Sport

Kilbrittain have nothing to lose, insists Desmond

September 10th, 2017 10:00 AM

By Southern Star Team

Follow my lead: Kilbrittain captain David Desmond can't wait for Sunday's South West JAFC final. (Photo: Paddy Feen)

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BY DENIS HURLEY

GIVEN the presence of so many strong footballing clubs at the outset of the Rowa-Rowex Carbery JAFC, it’s hardly surprising that Kilbrittain weren’t considered contenders.

A natural inclination towards hurling, as well as the fact that they were only in their first year back in the grade after winning last year’s county junior B title, meant that few if any considered them capable of reaching the final.

Wins over Dohenys, Barryroe and St Mary’s have brought them to Sunday’s decider against Kilmacabea, though. Kilbrittain’s captain is David Desmond, who has been winning medals in black and amber since a Sciath na Scol hurling final against Dungourney in Páirc Uí Rinn in 1997, when he scored a goal in a 2-1 to 0-1 victory.

He admits that Kilbrittain were seen as outsiders, but then momentum began to build.

‘At the start of the year, there were no major aims,’ he says.

‘All we wanted to do was to put in a performance and do well at junior A. The first game was against Dohenys in Newcestown and we played reasonably well.

‘We put a good score and won well, which was surprising as Dohenys usually put up a tough challenge.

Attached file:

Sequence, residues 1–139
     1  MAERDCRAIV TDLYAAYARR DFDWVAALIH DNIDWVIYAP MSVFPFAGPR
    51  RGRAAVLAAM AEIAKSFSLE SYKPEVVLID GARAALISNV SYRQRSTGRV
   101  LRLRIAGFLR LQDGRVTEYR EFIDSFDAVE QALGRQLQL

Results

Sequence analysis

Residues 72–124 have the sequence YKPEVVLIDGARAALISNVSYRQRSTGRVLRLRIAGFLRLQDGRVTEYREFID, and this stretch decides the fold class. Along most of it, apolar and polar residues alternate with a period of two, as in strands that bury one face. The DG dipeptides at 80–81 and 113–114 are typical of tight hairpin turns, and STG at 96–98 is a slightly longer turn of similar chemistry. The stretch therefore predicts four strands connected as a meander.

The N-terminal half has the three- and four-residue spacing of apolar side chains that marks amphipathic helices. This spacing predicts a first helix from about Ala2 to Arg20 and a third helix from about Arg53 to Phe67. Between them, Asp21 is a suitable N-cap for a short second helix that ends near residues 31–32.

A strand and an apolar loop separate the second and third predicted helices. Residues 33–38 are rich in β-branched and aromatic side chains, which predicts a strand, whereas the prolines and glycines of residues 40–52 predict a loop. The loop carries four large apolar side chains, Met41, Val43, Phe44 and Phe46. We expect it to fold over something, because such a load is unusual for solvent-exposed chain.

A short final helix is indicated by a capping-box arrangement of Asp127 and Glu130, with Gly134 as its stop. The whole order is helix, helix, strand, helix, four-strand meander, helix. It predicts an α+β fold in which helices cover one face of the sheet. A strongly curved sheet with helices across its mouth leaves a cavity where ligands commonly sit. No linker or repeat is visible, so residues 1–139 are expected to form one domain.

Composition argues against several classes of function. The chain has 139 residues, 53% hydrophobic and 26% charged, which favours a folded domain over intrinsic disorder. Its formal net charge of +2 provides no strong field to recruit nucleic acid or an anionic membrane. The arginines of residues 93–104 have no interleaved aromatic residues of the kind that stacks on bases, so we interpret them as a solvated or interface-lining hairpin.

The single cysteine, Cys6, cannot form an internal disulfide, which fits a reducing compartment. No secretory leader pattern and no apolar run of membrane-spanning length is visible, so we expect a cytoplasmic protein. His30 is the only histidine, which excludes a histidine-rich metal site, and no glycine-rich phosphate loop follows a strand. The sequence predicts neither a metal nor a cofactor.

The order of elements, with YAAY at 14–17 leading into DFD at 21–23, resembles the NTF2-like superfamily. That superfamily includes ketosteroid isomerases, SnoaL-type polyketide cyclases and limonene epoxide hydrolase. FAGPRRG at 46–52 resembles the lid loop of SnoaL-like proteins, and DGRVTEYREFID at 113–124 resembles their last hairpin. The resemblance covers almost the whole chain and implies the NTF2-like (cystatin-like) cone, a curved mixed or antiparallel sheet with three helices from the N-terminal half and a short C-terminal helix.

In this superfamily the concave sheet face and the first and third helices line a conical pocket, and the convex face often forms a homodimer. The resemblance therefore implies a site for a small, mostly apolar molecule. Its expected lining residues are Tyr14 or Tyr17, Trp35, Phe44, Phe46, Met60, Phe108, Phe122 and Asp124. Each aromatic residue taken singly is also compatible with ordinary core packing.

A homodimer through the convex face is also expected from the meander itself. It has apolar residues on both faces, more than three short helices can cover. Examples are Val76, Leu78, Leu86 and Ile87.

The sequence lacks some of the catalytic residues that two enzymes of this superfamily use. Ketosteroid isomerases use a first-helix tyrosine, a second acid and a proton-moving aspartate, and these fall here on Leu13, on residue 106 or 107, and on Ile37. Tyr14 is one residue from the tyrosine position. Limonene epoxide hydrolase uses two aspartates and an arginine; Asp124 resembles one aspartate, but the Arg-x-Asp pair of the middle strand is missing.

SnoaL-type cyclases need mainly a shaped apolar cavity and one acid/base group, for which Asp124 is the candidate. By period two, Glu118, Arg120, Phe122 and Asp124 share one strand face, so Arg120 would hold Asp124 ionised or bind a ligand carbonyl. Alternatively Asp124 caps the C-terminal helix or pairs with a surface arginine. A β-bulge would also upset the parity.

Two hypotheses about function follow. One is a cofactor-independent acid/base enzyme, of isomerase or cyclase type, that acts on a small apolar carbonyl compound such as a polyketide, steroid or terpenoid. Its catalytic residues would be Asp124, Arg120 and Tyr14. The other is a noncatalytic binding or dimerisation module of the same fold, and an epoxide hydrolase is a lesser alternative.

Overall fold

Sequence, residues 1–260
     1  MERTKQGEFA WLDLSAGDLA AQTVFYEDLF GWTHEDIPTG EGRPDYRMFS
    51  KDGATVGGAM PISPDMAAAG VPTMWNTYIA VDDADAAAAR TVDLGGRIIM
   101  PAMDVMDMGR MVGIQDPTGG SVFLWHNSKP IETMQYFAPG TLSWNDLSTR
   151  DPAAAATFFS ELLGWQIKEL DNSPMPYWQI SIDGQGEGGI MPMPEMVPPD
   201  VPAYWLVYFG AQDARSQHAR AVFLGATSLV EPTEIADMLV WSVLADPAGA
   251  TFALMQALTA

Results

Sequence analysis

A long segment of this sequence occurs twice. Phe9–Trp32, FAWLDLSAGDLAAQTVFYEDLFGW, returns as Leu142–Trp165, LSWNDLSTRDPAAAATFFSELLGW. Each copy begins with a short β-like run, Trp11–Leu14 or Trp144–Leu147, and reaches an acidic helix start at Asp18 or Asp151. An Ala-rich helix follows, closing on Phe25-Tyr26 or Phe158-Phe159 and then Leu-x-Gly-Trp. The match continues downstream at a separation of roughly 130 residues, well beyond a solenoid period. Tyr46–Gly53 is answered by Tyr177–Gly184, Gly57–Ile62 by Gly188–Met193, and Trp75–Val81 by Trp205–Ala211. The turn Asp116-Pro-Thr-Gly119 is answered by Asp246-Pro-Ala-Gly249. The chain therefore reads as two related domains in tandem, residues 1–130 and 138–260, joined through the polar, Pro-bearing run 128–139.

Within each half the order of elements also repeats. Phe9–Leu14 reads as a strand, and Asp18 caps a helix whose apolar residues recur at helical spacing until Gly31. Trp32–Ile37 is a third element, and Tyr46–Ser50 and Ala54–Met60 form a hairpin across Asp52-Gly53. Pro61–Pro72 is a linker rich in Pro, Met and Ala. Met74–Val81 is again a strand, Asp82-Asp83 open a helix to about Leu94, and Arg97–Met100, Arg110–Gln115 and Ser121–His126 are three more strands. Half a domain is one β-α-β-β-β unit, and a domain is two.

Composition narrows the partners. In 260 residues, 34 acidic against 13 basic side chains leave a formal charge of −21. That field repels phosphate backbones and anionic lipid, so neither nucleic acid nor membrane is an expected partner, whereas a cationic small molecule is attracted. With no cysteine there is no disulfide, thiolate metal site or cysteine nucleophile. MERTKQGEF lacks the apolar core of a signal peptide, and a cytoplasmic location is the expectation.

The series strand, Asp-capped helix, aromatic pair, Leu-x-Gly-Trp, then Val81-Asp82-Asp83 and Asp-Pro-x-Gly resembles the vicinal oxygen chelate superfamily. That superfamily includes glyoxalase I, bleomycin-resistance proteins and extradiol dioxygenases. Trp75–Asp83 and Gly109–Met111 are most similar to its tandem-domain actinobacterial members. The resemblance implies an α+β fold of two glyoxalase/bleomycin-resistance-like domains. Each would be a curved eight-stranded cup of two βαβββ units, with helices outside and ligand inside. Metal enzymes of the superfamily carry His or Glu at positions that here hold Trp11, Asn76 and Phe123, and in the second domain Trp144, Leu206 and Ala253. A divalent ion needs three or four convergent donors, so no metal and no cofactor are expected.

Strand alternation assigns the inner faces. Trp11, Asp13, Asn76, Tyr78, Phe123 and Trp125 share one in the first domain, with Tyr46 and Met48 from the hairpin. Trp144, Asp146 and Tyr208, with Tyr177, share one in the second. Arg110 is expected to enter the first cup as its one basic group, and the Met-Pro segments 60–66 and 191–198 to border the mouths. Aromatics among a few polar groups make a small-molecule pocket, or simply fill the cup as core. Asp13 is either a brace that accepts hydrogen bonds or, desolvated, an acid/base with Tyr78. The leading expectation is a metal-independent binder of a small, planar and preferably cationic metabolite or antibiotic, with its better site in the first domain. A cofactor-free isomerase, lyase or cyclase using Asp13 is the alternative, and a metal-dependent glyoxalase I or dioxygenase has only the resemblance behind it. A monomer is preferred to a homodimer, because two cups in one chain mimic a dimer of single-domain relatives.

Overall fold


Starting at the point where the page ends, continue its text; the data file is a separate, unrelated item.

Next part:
‘There was some good football played and then, there was such a long lay-off after the first round of the hurling, we had more of a chance to play football. There were more league games and we had a full squad nearly every game.

‘That’s a big thing that has stood to us going through the championship.’

The junior B win last year, achieved with a win over Cobh in the final, proved right the decision to re-grade from junior A and has proven to be a springboard for Kilbrittain’s improvement as this year has gone on.

‘It was a massive help to us going forward,’ Desmond says.

‘At junior A level, we weren’t getting many games, there was the hurling obviously and we just weren’t training.

‘Being relegated gave us extra games and more chance to play football. That was basically it, really.

‘The league format is after changing in the junior this year, so we were playing a lot more games. We played a few challenge games too, so we just had plenty of time to play football.’

That time looked to be running out in Timoleague on August 6th, as St Mary’s led Kilbrittain by 2-11 to 0-12 in the semi-final as the clock pushed past the 60-mark. Desmond thought that that it was all over, but reckoned without the indomitable spirit of his team-mates.

‘We were down five points,’ he says, ‘I was on the line at that stage, I was gone off with an injury.

‘I thought it was gone, honestly thought it was all over. There was a never-say-die attitude among the lads though, in fairness. They tore into it and never gave up, the forwards were back defending and the backs were up attacking – Owen Sexton was playing wing-back and he was in the full-forward line for the winning goal!’

It will be just as hard to turn over Kilmacabea, who will be seeking to go one better than last year’s final defeat to Gabriel Rangers. Given what happened against Mary’s, though, nobody in the Kilbrittain camp will be giving up before the final whistle.

‘Definitely not,’ Desmond says, ‘we have nothing to lose at this stage.

‘We’ll keep going until the end. We’ll give it the 60, we’ll do our best and that’s all we can do, we’ll see where that takes us.’

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